US 3536046 A
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United States Patent 3,536,046
 Inventor Dominic Li i 2,652,026 9/1953 lddings 1 19/56 Laverne, Minnesota 2,845,046 7/1958 Hart 1 19/75 [2!] Appl. No. 698,805 2,942,574 6/1960 Golay.... |9 51 (22] Filed Jan. 18, 1968 3,049,094 8/1962 Smith 119/75  Patented Oct. 27, 1970 3,126,866 3/1964 Kubotal 1 19/515X Assign Manufacturmg Company Primary Examiner-Aldrich F. Medbery a corporation of Minnesota (54] COMBINATION FEEDER AND WATERER FOR IIOGS 3Clalms,5DrawingFigs.
[$2] U.S.CI. ll9/5l.5, 119/56, 119/75 su MCI. A0lk5/00 so lleldofsearch 119/51,52,
 RefereneesCited UNITED STATES PATENTS 1,25 ,0 9 3 191 weyeneth 119/53.5 3,340,852 9/1967 Nilsen 119/75 Attorney- Clarence A. OBrien and Harvey B. Jacobson ABSTRACT: A hopper assembly including an auger shaft disposed along the base wall of the hopper. The auger shaft is rotated by means of a ratchet pulley wheel about which is entrained an actuating cable. The auger shaft displaces animal feed along the base wall of the hopper and discharging it therefrom. Disposed beneath the hopper is a trough which receives the feed after being dispensed from the hopper. A water valve is orientated above the trough, the valve. being actuatable by the prodding of a feeding animals head.
Patented Oct. 27, 1970 Sheet Dominic M. Lippi INVENTOR.
Patented Oct. 27, 1970 Sheet COMBINATION FEEDER AND WATERER FOR HOGS The present invention relates to the field of animal feeders and more particularly to a combination feeder and waterer for hogs.
Until the present time there has never been a truly satisfac tory feeding system designed for the farrowing house. Present systems of farrowing include employment of a farrowing crate enclosing a sow 1 week before she farrows until 4 to 6 weeks after she farrows. The sow receives her feed and water right in the crate. This is a very critical time for the sow and the feeding system must be designed to accommodate her needs. It is important that the feeding system be designed so that the amount of feed can be controlled as the sows requirements differ from time to time. A 'prior practice includes the hand feeding of the sows which becomes a considerable chore due to separate weighings for each sow. Certain prior art devices include a system for premixing water and feed which presents the feed in a more palatable form for the sow. However, these previous devices have failed to regulate the amount of water in the mix in accordance with the immediate desires of the sow. Still other devices have sought to rectify this situation by providing a sow with separate supplies of feed and water. However, a great deal of feed is wasted as the sow moves from the feeder to the waterer inasmuch as she usually takes a mouth full of feed with her and scatters quite a bit of it on the floor.
In summary, the present invention includes a hopper for storing animal feed. An auger shaft is disposed within the hopper and displaces the feed therein through a discharge area in the hopper, the feed then falling into a receiving pan or trough below. The auger shaft is actuated by a ratchet pulley wheel, the pulley wheel being mounted concentrically with the auger shaft. The ratchet pulley wheel drives the auger in only one direction of rotation. A water valve is located below the hopper which may be actuated by the prodding action of .a sows snout. Thus, a sow may mix a given quantity of feed disposed within a trough with an amount of water as she desires. Accordingly, among the more salient objects of the present invention are to provide:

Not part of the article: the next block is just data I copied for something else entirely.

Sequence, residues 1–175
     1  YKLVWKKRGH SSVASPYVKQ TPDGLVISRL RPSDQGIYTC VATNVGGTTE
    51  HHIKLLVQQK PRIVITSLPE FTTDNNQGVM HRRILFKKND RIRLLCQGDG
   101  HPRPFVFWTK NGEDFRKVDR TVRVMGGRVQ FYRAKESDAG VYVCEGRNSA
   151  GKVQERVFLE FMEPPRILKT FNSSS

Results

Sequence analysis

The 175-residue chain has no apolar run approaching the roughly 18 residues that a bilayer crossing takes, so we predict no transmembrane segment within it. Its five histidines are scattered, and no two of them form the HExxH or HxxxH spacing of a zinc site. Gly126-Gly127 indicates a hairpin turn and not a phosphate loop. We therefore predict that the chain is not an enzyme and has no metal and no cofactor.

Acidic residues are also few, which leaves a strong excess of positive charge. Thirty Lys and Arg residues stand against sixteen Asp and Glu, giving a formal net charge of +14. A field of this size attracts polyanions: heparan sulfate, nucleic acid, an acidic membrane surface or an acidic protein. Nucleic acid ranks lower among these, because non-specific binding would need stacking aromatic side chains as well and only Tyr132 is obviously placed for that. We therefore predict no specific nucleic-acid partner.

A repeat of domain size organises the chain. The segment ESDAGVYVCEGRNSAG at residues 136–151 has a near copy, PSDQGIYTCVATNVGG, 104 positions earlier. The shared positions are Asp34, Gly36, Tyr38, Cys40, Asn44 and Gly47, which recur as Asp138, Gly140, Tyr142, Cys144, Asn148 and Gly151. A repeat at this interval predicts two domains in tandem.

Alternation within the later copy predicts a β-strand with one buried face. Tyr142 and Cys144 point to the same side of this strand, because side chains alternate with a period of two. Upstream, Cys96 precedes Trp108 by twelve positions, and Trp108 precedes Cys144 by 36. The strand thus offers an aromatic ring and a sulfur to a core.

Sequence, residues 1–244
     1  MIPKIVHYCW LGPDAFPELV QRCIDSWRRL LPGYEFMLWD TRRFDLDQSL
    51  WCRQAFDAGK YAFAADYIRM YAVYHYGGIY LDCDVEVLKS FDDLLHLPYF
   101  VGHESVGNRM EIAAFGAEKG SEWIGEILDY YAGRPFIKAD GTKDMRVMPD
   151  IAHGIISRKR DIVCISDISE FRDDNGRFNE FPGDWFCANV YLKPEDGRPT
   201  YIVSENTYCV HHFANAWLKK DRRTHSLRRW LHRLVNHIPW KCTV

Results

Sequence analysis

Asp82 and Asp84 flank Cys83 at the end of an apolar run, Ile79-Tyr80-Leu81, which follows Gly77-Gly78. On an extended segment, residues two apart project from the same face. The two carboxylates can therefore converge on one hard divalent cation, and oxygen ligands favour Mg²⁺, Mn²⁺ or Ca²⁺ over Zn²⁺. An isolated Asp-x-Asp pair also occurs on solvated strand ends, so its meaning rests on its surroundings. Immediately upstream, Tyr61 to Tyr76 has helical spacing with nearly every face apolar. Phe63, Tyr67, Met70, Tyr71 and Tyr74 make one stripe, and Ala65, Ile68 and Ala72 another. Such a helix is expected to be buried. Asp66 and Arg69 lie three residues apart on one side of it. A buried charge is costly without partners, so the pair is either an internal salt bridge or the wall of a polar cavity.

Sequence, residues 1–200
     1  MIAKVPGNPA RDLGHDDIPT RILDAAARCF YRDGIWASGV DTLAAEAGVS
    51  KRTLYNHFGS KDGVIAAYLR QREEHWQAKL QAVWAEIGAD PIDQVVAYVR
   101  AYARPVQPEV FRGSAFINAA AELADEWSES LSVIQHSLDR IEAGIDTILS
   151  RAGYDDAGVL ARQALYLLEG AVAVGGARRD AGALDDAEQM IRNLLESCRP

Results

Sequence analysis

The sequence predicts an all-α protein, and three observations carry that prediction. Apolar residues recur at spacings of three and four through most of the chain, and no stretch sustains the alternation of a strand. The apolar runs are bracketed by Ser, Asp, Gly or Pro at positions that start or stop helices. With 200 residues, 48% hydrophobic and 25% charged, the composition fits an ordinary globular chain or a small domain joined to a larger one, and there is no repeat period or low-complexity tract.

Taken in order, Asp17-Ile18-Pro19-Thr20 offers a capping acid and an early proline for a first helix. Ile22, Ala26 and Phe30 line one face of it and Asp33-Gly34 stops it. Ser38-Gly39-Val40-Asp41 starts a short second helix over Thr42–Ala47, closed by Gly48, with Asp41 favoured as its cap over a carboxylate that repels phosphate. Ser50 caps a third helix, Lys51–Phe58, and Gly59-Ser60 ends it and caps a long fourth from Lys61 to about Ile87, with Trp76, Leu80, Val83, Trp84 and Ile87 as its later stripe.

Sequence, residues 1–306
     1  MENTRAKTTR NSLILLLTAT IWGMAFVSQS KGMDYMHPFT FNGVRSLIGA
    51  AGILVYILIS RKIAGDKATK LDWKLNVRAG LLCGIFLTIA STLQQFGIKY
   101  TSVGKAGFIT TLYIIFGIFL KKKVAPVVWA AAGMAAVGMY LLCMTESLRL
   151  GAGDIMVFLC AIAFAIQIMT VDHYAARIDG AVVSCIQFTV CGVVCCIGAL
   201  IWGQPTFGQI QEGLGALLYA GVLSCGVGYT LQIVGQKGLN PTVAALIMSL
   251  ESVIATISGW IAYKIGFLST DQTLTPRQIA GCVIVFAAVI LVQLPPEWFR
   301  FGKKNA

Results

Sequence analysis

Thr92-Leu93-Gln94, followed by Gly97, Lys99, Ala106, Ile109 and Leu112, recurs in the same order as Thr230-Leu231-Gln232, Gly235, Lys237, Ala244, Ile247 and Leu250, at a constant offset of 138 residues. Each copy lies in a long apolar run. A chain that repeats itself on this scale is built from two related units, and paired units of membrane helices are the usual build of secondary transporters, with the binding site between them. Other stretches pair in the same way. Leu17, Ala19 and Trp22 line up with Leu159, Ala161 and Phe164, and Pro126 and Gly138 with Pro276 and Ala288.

A hog feeder which permits the animal to mix a selected quantity of water with a quantity of feed previously deposited in a trough;
A valve assembly controlled by the pressure exerted by a sows snout upon a nose paddle actuator;
A valve guard plate for protecting a valve assembly from damaging contact by a sows head.
An animal actuated water valve which prevents further actuation by a sow should the level of water in a trough exceed a desirable quantity;
A ratchet pulley wheel assembly selectively keyed to an auger shaft when dispensing of feed from a hopper is desired; and
A cable construction with adjustable stops thereon for permitting preselected quantities of feed to be dispensed from a hopper.
These together with other objects and advantages which will become subsequently apparent reside in the details of construction and operation as more fully hereinafter described and claimed, reference being had to the accompanying drawings forming a part hereof, wherein like numerals refer to like parts throughout, and in which:
FIG. 1 is a front elevational view of the instant feeder and waterer.
FIG. 2 is a side elevational view of the device illustrated in FIG. 1.
FIG. 3 is an exploded detailed view of the auger shaft and hopper base.
FIG. 4 is a longitudinal fragementary sectional view taken along a plane passing through section line 4-4 of FIG. 1 illushating the present valve assembly in detail.
FIG. 5 is a sectional view of the pulley wheel taken along a plane passing through section line 5-5.